So instead of creating the greatest content ever made about “cold email”, you might want to write a solid post helping people who search for “outreach email for consultants” instead. Makes sense, right?

Side note: The process of identifying search queries that are worth going after is called “keyword research”. There are many ways to go about it, some more effective than others. I recommend this video from Income School that covers perhaps the most basic (yet effective) method.

2. Frictionless user experience

OK, so your content is relevant and high-quality.

Next, you need to make sure that your website provides visitors with a frictionless and enjoyable user experience.

Google doesn’t want to display results that are going to frustrate users and cause them to hit the back button just after landing on your page. That’s why most of the contents of their “Search Engine Optimization Starter Guide” covers user experience-related factors like site hierarchy, mobile responsiveness, and user behaviour.

Put yourself in the shoes of someone who’s visiting your website for the first time.

Open an incognito window in your browser (this will flush any cached files and cookies saved from your website, emulating the experience of visiting it for the very first time).

Now visit a page you’re trying to rank for. What do you see, and what do you feel?

  • Is the website served securely over HTTPS?

  • Does the page load in fast?

  • If you wanted to visit other parts of the website, is it easy to navigate?

  • Does the website look good and inspire trust and confidence, or does it look old/cheap/sketchy?

  • Is the text easily readable?

  • Is the reading experience distraction-free, or are there ads or pop-ups asking you to do this and that?

  • Does the content match your expectations, answer your questions, and solve your problems?

  • Is the content referring to other websites or sources that are considered credible?

  • Does the website look good on mobile, tablet, and desktop screens?

These are some of the questions you might ask yourself when you do this exercise. If your answers were all “yes”, you’re doing a great job. If not, you still have some things you might need to work on!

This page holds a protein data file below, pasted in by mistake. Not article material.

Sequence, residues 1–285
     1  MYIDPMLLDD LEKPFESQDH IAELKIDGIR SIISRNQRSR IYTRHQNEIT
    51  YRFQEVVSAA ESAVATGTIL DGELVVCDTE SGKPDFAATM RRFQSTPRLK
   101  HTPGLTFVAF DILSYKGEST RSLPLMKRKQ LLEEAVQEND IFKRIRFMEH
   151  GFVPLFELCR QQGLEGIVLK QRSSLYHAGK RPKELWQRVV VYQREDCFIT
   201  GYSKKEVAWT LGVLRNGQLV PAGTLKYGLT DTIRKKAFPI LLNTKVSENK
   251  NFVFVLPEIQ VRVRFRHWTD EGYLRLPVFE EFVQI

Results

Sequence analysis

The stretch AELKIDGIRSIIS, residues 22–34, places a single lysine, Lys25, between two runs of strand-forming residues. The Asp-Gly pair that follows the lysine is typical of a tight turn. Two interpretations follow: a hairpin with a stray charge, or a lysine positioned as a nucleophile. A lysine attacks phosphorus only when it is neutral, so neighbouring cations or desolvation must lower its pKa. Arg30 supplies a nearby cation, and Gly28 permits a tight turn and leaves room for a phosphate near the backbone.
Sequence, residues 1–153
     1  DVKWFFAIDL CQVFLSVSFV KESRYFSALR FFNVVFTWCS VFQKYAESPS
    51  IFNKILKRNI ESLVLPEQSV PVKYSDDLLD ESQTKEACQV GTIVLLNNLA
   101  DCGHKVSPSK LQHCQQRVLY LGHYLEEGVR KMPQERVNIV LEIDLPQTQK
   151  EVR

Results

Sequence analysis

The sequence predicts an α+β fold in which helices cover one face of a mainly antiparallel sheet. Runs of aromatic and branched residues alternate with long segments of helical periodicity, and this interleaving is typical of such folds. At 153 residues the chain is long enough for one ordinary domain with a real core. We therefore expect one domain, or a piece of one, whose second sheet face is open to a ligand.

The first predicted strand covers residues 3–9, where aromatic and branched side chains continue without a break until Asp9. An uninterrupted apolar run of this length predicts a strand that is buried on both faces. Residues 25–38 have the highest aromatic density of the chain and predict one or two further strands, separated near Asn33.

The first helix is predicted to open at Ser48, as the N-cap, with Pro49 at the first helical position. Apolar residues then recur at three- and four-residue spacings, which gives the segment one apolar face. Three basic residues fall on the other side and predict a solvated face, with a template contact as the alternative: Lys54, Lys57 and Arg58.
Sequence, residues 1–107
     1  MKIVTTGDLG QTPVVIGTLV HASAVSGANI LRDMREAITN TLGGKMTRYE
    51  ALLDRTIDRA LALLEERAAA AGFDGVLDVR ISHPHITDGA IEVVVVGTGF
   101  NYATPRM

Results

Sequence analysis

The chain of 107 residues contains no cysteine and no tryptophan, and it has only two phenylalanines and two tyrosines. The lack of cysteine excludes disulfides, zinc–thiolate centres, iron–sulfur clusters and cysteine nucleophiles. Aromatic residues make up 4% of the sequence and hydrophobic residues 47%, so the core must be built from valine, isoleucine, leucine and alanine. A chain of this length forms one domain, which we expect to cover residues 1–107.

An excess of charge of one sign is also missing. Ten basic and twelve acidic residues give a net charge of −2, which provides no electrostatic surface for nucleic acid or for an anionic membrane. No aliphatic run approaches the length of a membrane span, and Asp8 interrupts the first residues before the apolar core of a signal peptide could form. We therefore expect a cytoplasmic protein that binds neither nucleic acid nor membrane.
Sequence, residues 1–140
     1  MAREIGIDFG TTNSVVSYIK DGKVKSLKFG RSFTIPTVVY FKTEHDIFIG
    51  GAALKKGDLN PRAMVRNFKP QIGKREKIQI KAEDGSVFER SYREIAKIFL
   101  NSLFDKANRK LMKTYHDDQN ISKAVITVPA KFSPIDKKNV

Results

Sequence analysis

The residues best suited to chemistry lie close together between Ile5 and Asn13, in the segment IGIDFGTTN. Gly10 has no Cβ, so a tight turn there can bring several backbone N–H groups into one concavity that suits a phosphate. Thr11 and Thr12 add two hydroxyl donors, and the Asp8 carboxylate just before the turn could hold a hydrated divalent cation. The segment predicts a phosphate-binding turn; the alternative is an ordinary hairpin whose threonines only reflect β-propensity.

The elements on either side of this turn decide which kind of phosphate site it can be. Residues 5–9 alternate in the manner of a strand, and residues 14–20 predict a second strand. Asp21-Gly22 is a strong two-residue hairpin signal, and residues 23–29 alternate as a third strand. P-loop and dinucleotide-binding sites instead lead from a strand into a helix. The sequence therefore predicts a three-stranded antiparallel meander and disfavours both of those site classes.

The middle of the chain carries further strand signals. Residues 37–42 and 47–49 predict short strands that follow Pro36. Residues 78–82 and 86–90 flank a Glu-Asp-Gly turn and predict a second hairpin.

Simple, but not easy

If I’ve made SEO seem super simple in this guide, that’s because it is. Unless you have a Frankenstein’s monster of a website, you don’t need to get bogged down in technical SEO techniques.

Just deliver great content on a great website, and you’ve done 99% of the work.

With that being said, the fact that SEO is so simple does not mean it’s easy.

If you actually care about ranking organically in search engines—which you should—you will need to invest significant resources—either in the form of your own time, or by contracting someone to do it for you—into content planning and production.

There are no quick ways, no shortcuts, to get ranked immediately. Here’s what Google themselves have to say:

“Some companies claim to “guarantee” high ranking for your site in Google’s search results. While legitimate consulting firms can improve your site’s flow and content, others employ deceptive tactics in an attempt to fool search engines. Be careful; if your domain is affiliated with one of these deceptive services, it could be banned from our index.” (Source)

So put in the work, have patience, and watch your website soar past the competition.

Until next time,
Jon

PS. Got any questions about this post? Email me!